Shechtman turned to the senior scientist John Cahn, who had invited him to work in the institute. Cahn initially had reservations, but afterward worked with Shechtman and proposed that they co-author an article. For the mathematical aspects he added a French crystallographer, Denis Gratias, and the three wrote an article that was a concise, refined version of the first article. They added Ilan Blech’s name as a fourth author and sent the article to Physical Review Letters, which also deals with physics. The addition of Cahn’s name turned out to be a winning move: the article appeared in November 1984, within a few weeks of its submission [...]

To get researchers to believe him, Shechtman described exactly how to prepare the alloy. “There are people who keep the mode of preparation secret, but I wanted every researcher who had an appropriate laboratory to be able to prepare the material and examine it under an electron microscope within a few days,” [...]

despite the success in repeating the experiment in several labs, only a few scientists accepted the thesis of pentagonal symmetry. Leading scientists rejected Shechtman’s conclusions, and towering above all of them was Linus Pauling [...]

“There are tens of thousands of chemists in the United States, and Pauling was their star,” Shechtman notes. “He would open the conferences of the American Chemical Society, and quasiperiodic crystals were always his topic. I attended one of the conferences, at Stanford. Thousands of people were there, and he attacked me. He would stand on those platforms and declare, ‘Danny Shechtman is talking nonsense. There is no such thing as quasicrystals, only quasi-scientists.’ [...]

In the first years following the discovery, Shechtman’s support came primarily from physicists and mathematicians. But crystallographers had a serious problem with the findings: Shechtman had used an electron microscope, whereas their main tool was the x-ray. “It’s as though a mechanical engineer were to explain to a heart surgeon how to perform an operation,” Shechtman says. “From their point of view, I was not a crystallographer, because I had used a tool they considered imprecise and illegitimate.” [...]

in 1987, friends of Shechtman’s from France and Japan succeeded in growing quasi-periodic crystals large enough for x-rays to repeat and verify what he had discovered with the electron microscope: the existence of pentagonal symmetry. [...]

“In the forefront of science there is not much difference between religion and science,” Shechtman says. “People harbor beliefs. That’s what happens when people believe something religiously. The argument with Linus Pauling was almost theological.” [...]

As his fear of not finding employment faded, Pauling’s assaults became a compliment for Shechtman. “I realized that if it’s Pauling against Shechtman, then at some level we are equals. [...]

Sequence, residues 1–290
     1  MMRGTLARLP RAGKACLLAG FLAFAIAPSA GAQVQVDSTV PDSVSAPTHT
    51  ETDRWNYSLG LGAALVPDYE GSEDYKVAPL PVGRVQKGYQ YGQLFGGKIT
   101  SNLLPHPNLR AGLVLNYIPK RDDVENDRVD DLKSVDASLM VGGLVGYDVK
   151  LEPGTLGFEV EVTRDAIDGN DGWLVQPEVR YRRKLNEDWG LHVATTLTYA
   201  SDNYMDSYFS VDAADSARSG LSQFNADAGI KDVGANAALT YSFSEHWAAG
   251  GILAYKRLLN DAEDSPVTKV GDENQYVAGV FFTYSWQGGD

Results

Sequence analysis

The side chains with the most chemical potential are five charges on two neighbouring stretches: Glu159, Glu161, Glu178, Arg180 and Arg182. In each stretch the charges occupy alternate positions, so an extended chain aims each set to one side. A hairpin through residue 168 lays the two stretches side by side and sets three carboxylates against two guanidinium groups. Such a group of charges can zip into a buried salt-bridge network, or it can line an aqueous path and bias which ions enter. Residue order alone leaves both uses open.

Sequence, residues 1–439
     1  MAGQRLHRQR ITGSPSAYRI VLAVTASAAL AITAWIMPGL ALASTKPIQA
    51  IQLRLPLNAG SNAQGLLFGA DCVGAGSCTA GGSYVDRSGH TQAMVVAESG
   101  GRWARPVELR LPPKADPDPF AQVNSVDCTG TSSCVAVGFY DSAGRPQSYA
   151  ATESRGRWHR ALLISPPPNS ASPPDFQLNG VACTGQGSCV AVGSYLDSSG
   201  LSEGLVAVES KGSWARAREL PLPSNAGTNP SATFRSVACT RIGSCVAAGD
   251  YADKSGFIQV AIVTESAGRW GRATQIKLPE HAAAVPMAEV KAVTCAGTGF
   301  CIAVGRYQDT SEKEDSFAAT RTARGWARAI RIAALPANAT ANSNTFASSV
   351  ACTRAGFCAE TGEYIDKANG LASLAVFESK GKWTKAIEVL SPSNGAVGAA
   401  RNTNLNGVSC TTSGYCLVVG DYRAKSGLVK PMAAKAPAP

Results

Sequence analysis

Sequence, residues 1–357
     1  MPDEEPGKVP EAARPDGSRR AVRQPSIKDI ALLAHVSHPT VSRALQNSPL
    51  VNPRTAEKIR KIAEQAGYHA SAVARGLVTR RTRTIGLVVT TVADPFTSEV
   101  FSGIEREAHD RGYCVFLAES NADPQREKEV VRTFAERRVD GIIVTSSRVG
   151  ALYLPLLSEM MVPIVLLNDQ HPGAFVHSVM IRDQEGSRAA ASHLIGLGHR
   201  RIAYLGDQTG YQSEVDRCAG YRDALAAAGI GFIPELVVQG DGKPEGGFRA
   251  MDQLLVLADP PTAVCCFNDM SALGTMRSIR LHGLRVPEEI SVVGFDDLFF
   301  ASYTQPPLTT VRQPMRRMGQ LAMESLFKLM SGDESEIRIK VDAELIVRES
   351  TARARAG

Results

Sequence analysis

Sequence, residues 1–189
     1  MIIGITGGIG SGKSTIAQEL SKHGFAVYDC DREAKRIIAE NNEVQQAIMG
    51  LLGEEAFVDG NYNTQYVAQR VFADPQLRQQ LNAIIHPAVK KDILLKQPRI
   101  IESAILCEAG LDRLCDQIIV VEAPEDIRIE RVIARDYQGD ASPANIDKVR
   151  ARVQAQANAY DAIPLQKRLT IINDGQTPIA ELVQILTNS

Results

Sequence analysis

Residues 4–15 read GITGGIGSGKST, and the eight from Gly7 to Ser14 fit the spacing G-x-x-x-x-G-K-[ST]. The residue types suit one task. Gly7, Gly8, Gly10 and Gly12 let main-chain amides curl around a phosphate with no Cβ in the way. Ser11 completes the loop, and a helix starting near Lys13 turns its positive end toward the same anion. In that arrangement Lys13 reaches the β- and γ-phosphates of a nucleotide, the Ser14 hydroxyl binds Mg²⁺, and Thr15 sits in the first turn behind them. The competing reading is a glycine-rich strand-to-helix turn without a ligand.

Prof. Shlomo Ben-Abraham, one of the first Israeli scientists to support the discovery, says, “Until Danny’s discovery, we thought the subject of crystal structure was completely closed. Today, nearly 30 years later, we know we have not even scratched the surface. [...]

Prof. Ron Lifshitz, a physicist from Tel Aviv University, describes Shechtman’s discovery as “a scientific revolution that is still in going on.” Science, he says, must now answer questions that were once thought to be basic and closed, such as what a crystal is, alongside new questions, such as how the nonperiodic structure influences the qualities of those materials. [...]

For decades, crystallography clung to a mistaken description of the physical world, which was presented as a solid, total truth. On the other hand, that same science was able to acknowledge its mistake and refute long-held basic assumptions within a relatively short time, once the theory was shown to be inconsistent with reality. Still, it was necessary to have someone who is capable of shouldering the revolution.

Prof. Ben-Abraham explains Shechtman’s strength: “The greatness of a discoverer lies in knowing what he has discovered. People encounter things and ignore them for one reason or another. I know of four documented cases in which people found this before Danny.” However, he notes, because all the books state that pentagonal symmetry is inconsistent with periodicity of crystals, the researchers ignored what they saw. [...]

Klima Süß

(comment just left at WUWT)

From the [Crownies] show’s website (my emphasis):

Richard is prosecuting a case in court, this time with a good chance of winning. But he is not happy. He has to prosecute his climate scientist hero Tim Coghburn for assault, after Coghburn punched a persistent climate denialist, James Watt. Watt is an annoying gadfly and Richard detests all he stands for. And the fiasco is made worse when Richard sees Coghburn is being represented by Richard’s old, much admired law lecturer. Richard makes a stuttering start in court, and the defence QC makes Watt look unreliable and a bit of a goose. Part of Richard wants to lose because of his environmental concerns, but part of him needs a win. Richard finally cross examines Tim Coghburn and gets to reconcile his needs. He leads Tim through a series of questions as put by James Watt and his ilk, stirring Coghburn’s anger as he airs the simple rebuttals. Eventually Tim blurts out that yes, he did hit James Watt, and it felt great. Richard has his win, Tim is fined, and Watt still comes out of it looking like an idiot.

If it were England, a trip to the defamation court would have been in order.